As the Premier League approaches its nineteenth birthday, it is important to remember some of the younger years that have helped shape it into the spectacle it is today. About to enter its landmark twentieth season, let’s look back to the start of the 21st century when England’s revamped top flight league began a steady transition that continues to this day.
Since 2001, only three different teams have won the league, only four different teams have finished as runners up and only six different teams have made the top three. With both Newcastle United’s and Manchester City’s highest finish being third place within this time (achieved once each), it is no wonder that a focus was placed on the “Big Four” consisting of Manchester United, Arsenal, Chelsea and Liverpool.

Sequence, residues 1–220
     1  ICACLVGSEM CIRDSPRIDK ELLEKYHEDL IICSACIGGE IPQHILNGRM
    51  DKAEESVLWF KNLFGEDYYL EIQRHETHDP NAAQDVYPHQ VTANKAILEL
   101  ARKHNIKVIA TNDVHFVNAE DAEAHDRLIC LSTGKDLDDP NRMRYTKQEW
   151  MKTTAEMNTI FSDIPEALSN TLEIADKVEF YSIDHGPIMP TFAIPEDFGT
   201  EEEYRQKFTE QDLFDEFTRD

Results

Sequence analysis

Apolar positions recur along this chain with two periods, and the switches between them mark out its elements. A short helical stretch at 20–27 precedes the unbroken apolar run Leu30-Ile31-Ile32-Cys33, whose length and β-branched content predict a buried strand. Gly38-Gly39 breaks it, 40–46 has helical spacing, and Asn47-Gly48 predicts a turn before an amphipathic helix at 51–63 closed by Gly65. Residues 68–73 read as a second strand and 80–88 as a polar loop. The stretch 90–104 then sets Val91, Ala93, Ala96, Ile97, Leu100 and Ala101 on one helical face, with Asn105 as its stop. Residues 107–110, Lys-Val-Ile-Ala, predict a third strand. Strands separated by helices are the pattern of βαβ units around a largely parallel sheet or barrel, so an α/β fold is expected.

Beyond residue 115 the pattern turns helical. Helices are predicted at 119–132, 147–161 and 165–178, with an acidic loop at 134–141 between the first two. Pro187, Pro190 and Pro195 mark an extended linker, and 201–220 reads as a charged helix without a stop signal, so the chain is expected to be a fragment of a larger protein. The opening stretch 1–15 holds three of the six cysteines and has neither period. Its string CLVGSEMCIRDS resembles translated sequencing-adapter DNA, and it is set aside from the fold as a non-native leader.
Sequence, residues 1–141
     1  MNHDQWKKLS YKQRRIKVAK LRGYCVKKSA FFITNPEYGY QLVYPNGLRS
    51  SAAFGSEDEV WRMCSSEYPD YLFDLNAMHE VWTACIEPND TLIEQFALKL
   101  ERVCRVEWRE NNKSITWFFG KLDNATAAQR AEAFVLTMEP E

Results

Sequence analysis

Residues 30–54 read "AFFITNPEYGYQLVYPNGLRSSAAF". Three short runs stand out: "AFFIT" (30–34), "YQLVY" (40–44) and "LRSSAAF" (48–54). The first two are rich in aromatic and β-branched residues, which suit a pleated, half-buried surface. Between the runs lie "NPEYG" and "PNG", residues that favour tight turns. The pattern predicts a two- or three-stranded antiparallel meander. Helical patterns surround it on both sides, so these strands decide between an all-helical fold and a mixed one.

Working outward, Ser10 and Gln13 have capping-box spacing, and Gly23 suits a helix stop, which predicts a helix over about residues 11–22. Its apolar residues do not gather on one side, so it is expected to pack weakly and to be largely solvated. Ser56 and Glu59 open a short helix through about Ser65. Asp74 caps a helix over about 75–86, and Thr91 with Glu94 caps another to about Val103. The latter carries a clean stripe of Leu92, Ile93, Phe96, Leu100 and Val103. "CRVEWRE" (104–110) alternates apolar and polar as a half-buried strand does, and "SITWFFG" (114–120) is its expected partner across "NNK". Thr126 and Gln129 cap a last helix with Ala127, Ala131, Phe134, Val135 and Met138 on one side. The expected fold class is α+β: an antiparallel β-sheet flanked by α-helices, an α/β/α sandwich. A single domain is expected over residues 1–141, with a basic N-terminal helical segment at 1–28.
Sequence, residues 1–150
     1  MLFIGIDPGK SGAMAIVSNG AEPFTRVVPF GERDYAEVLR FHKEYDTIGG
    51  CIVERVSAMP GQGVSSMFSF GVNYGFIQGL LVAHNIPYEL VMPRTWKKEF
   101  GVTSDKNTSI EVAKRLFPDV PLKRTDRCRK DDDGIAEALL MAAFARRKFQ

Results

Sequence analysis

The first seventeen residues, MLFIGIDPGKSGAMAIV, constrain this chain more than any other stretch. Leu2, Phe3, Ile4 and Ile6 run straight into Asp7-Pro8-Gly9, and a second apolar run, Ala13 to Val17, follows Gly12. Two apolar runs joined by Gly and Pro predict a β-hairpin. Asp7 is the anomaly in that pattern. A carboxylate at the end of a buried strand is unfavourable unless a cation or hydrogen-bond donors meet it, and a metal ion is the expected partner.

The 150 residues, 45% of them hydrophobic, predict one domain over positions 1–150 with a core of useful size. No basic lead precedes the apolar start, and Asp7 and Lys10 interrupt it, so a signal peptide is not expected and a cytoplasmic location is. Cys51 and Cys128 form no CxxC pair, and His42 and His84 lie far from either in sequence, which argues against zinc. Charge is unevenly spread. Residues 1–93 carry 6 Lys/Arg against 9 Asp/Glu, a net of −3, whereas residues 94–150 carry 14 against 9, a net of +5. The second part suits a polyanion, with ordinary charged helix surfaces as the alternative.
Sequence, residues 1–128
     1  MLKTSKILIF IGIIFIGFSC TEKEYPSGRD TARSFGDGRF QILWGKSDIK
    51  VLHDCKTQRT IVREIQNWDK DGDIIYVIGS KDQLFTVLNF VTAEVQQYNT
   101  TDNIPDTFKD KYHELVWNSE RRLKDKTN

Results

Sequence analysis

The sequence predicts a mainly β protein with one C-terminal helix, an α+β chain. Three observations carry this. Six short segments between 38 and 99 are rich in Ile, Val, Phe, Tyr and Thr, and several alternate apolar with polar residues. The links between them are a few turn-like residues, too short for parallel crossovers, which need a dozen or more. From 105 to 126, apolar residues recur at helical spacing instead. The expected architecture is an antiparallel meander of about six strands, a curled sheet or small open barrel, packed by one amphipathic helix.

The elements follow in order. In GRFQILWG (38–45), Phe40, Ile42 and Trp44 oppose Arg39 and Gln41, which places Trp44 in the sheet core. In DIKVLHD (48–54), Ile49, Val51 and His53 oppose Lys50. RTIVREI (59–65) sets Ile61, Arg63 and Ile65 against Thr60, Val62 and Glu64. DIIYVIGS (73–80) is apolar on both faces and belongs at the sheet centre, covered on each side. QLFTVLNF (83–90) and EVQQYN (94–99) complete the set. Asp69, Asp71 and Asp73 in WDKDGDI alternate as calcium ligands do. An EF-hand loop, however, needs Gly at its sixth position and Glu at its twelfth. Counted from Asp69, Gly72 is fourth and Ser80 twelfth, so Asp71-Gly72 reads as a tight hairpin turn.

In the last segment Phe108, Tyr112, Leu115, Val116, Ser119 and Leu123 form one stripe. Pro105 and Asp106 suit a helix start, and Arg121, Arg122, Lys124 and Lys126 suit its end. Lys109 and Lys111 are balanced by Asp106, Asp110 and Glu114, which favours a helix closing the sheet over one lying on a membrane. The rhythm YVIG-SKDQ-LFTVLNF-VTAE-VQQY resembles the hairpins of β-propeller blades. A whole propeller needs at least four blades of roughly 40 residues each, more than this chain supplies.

The 1990s were undoubtedly dominated by Alex Ferguson’s Manchester United, with the side winning five of the seven Premier League trophies available. Such success resulted in their Scottish manager being knighted ‘Sir’ in 1999 at the end of a decade where the Red Devils had won half of the First Division titles on offer (1990-1999). Arsenal (1991 and 1998) were the only other team that managed to win the league more than once within the period, with the other three champions being Liverpool (1990) Leeds United (1992) and Blackburn Rovers (1995). Ferguson’s side ensured they left the 20th century on a high; they achieved a treble in their most successful campaign to date, winning their fourth FA Cup of the ’90s, which was followed by their first Champions League victory, earning them their second European Cup. United’s success continued after the millennium and in 2001 they won their third consecutive Premier League title. By this time, academy products such as David Beckham, Ryan Giggs, Gary Neville and Paul Scholes had gained a wealth of experience, not to mention medals. Captained by the fiery tempered Roy Keane, “Fergie’s Fledglings” had established themselves as some of the best players in the league.